“At the Miami Design District, for example, our high-street retail corridor, featuring 120 luxury brands, comparable sales for these retailers in the month of September was up 40 percent year-over-year,” Kingston continued. “Strong performance is not isolated to luxury, however, and sales for retailers with broad appeal, including Pandora and American Eagle Outfitters, were likewise growing.”
Still, other headwinds persist. Brookfield, which owns 173 retail locations, largely in the U.S., had an estimated $19 million loss from rent reductions. The continued impact of bankruptcies and the related cotenant claims, such as the J.C. Penney Co. Inc. bankruptcy, cost the firm another estimated $11 million. Fee income also declined by $12 million because of lower leasing volumes, property revenues and joint venture fees.
On top of the losses, watchdog firm Moody’s Investor Service lowered its rating on Brookfield in August. The following month, Brookfield said it was laying off about 20 percent of its retail division.
To help curb costs, Brookfield entered into a contract to sell its U.S. self-storage business for about $1.2 billion. The firm also has plans to sell 100 percent of an office building in London for 480 million British pounds, a 9 percent premium from the price Brookfield paid a year ago.
“This sale will generate a $125 million of net proceeds to [Brookfield],” Bryan Davis, managing partner and chief financial officer at Brookfield, said on the call.
In addition to retail, Brookfield’s portfolio, which is spread out across 30 countries, includes offices, residential dwellings, hotels and self-storage spaces.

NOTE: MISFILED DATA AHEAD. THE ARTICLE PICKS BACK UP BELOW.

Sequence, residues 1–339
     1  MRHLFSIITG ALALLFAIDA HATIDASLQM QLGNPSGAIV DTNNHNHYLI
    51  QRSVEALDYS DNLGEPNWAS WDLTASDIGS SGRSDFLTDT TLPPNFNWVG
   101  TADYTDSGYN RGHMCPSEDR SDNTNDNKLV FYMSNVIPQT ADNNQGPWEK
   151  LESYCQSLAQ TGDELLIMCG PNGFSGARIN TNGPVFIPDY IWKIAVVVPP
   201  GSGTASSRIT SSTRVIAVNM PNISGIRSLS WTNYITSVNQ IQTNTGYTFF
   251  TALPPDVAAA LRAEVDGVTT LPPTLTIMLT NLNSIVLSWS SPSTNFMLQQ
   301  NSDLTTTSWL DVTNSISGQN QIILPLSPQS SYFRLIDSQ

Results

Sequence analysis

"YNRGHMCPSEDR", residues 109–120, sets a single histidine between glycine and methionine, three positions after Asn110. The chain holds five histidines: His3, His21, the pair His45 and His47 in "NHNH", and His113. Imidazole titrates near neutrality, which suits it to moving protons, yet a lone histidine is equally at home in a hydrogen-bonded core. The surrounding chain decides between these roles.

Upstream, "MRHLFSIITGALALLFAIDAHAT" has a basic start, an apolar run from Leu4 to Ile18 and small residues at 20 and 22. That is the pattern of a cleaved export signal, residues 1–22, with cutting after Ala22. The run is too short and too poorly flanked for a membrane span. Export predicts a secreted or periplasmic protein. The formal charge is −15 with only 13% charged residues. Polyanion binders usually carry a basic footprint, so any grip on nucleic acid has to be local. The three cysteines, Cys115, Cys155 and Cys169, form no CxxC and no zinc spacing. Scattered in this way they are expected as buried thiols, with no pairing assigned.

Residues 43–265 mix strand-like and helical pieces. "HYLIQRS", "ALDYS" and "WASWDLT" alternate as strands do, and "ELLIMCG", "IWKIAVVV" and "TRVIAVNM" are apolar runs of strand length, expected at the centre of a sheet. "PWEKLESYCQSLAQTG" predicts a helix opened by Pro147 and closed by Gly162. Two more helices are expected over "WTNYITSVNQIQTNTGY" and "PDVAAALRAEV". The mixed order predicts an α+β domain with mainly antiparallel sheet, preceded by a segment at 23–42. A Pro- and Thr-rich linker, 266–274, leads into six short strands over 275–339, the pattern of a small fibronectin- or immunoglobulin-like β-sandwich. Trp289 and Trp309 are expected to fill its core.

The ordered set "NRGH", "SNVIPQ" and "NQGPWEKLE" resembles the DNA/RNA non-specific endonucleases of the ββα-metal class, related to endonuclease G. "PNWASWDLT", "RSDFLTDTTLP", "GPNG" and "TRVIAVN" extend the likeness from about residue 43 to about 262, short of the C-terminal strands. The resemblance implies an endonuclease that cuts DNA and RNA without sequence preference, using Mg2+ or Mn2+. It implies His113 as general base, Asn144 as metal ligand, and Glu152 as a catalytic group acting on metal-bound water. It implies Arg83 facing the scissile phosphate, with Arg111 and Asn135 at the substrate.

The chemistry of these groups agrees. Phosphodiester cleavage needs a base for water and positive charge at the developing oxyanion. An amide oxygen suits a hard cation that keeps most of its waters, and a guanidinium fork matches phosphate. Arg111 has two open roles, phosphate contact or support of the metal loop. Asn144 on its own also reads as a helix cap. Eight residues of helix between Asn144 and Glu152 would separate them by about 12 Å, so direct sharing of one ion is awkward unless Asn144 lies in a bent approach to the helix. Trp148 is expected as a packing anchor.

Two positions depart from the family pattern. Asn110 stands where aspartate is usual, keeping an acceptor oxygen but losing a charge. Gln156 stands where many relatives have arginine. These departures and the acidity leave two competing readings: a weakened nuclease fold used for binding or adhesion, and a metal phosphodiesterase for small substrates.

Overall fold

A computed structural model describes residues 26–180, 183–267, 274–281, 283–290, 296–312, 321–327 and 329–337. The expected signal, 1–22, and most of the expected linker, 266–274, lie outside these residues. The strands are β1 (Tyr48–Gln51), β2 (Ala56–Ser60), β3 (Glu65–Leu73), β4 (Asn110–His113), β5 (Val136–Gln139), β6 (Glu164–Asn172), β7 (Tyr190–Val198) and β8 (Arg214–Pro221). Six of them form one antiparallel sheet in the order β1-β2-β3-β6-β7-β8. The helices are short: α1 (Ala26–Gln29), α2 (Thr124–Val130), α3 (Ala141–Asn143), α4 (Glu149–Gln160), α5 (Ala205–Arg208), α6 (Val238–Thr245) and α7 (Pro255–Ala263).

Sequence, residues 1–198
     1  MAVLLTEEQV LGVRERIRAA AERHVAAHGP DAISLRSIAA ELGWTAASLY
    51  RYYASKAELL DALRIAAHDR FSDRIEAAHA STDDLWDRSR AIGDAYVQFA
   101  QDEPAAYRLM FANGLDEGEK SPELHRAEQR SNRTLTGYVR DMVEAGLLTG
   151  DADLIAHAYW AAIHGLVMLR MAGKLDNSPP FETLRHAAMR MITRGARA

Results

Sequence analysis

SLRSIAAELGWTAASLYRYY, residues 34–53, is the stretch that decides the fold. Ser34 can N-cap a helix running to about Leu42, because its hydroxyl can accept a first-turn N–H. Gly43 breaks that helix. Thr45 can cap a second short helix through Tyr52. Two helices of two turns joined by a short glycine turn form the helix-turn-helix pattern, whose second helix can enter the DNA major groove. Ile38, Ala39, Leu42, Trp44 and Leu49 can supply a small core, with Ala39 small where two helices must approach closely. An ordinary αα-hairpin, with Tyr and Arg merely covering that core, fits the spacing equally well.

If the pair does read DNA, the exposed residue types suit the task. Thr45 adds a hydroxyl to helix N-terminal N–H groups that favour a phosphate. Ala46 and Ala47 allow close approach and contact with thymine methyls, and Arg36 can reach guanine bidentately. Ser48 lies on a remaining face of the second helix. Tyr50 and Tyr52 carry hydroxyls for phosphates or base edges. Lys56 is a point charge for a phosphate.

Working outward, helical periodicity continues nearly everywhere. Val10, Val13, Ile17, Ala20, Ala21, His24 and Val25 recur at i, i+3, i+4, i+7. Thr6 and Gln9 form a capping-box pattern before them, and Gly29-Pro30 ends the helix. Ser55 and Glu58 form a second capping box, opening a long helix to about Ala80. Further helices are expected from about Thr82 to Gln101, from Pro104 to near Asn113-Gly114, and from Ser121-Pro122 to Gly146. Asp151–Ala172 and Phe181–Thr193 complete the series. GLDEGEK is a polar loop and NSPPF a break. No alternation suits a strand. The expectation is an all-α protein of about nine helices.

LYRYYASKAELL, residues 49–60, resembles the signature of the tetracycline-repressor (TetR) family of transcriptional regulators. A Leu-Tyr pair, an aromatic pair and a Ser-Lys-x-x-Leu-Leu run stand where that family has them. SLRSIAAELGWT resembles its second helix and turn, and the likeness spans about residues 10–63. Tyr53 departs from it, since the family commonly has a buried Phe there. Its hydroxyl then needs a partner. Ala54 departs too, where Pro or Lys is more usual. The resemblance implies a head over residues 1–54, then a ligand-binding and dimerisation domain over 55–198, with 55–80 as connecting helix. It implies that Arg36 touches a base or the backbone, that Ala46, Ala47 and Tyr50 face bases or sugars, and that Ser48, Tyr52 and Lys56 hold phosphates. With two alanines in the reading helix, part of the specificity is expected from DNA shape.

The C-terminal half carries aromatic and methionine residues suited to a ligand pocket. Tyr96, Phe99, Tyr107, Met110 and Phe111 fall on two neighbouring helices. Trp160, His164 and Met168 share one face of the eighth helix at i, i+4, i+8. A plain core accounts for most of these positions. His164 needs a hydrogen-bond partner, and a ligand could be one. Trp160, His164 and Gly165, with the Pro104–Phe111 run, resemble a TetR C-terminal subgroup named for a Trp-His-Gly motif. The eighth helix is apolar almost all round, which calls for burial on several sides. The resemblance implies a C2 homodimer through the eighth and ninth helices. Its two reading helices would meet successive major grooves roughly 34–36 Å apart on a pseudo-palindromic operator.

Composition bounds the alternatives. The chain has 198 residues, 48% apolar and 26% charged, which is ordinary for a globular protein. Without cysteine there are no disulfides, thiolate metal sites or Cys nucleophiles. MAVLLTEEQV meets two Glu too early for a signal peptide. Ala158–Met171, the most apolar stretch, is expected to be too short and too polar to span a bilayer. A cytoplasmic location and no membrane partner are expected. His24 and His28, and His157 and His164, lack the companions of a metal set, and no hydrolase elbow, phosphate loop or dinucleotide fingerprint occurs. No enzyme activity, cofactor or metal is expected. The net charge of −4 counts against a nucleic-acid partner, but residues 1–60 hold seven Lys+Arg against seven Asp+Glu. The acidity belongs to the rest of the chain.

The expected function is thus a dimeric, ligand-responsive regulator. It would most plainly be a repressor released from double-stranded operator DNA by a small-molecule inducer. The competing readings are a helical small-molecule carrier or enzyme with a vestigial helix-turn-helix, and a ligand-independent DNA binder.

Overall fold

On the call, Kingston said the pandemic and subsequent shutdown will ultimately benefit Brookfield, as the company seeks to restructure its overall operations.
“While there may be temporary setbacks as different regions reach different stages of recovery, we expect any closures in the future will be shorter and less severe than they were earlier in the year, and therefore, less disruptive to our overall business operations,” Kingston said.
“Many of the weaker balance sheets, or more challenged retailers, they have hit a wall and they’ve gone bankrupt, or they’ve restructured and worked through that,” he continued. “And so, we’ve taken those impairments. And I think what we’re left with now is a much stronger field of tenants, whose businesses have largely stabilized.
“The J.C. Penney transaction is part of that,” Kingston said. “And you know, it’s a good example to talk about how [Brookfield] will definitely benefit from that. As I mentioned, we have 99 J.C. Penney stores out of their 830 or so stores, and not one of [Brookfield’s locations] will be closing. And so that’s obviously great for [Brookfield]. So I think that having that capital available to invest in and stabilize some of these retailers — and there’s a number of others that are in various stages of discussions — I think it is a net positive for [Brookfield].”
Brookfield ended the quarter with $1.8 billion in cash and equivalents. Shares of Brookfield are down more than 25 percent year-over-year.